stem cells stroke brain damage

Posted and filed under Studies.

Scientists have now shown that combining human stem cells with a specific protein can help the stem cells turn into neurons, thereby reversing brain damage associated with stroke. The research team, led by Berislav Zlokovic at the Keck School of Medicine at the University of Southern California, published their findings in Nature Medicine in August.

The protein, 3K3A-APC is a variant of a protein normally found in the human body called activated protein C (APC). APC has both cell signaling activity and anticoagulant activity that minimizing bleeding. The 3K3A-APC variant maintains the cell signaling capacity but minimizes the anticoagulation associated with APC. This variant has been demonstrated to improve a number of health-related problems, including a number of pathologies related to the brain. Brain trauma and multiple sclerosis, for instance, have been improved through the use of 3K3A-APC.

One week after inducing stroke in a group of mice, Zlokovic and his colleagues administered put human neural stem cells in the area of the brain that had been damaged. Over the course of seven days, they then administered 3K3A-APC to one group of mice and a placebo solution to second group. The mice who received the protein in addition to the stem cells had 16 times more stem-cell derived neurons than those who received the stem cells alone.

Even more promising than the growth of neurons was that the neurons became functional, connecting with other parts of the nervous system, just as the neurons that were lost due to stroke would have, and restoring motor and sensorimotor performance in these mice. Performance on tasks such as walking on a rotating rod and removing tape from the forepaw was significantly better in the mice who received the protein than in those that did not. To ensure that the recovered functioning was a result of the stem cells, the scientists employed a toxin that rid the brain of neurons that were derived from the stem cells and saw that the improvements were then reversed.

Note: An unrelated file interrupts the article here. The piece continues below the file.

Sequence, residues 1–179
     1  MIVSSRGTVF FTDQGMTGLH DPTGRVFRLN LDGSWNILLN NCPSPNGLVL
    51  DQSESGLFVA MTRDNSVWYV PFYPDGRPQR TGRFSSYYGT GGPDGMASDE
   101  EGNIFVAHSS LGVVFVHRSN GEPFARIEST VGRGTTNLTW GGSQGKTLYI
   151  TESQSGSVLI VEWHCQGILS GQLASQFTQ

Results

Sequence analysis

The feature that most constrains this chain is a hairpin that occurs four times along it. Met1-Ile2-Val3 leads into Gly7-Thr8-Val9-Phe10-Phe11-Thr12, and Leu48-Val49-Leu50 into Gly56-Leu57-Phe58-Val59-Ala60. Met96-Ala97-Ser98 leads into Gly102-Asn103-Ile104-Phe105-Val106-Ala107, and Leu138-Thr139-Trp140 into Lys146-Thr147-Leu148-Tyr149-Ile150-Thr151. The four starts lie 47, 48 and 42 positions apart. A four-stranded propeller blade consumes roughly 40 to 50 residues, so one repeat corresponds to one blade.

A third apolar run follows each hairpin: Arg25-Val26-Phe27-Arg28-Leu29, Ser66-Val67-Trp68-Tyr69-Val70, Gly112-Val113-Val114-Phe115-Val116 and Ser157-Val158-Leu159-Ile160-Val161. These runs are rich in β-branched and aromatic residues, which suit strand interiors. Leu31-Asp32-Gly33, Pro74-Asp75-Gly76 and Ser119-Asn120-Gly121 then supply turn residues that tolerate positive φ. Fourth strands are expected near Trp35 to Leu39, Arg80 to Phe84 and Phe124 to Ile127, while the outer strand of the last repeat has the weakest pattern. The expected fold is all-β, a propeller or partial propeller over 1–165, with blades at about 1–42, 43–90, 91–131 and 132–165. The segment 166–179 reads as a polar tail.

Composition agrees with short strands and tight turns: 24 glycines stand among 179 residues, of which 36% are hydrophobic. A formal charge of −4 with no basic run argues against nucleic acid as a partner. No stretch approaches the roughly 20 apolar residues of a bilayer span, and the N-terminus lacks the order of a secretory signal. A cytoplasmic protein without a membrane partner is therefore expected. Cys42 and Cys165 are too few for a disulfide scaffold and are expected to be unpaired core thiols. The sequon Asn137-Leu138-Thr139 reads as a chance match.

The United States Food and Drug Administration (FDA) has already approved the use of the APC protein in clinical stroke studies, and it is currently being used in a Phase II clinical trial at the National Institutes of Health. In the trial, the protein is being used in patients who have suffered from an ischemic stroke in the past few hours. Zlokovic and his colleagues are hoping to initiate a similar trial to test the effects of the stem cell 3K3A-APC combination in patients who have suffered from stroke. The work Zlokovic has already completed, as well as related work by others, signals that there is great potential for stem cell therapy to restore brain tissue as well as normal functioning in stroke patients.


Wang, Y. et al. (2016). 3K3A-activated protein C stimulates postischemic neuronal repair by human neural stem cells in mice. Nature Medicine, 22(9), 1050-1055.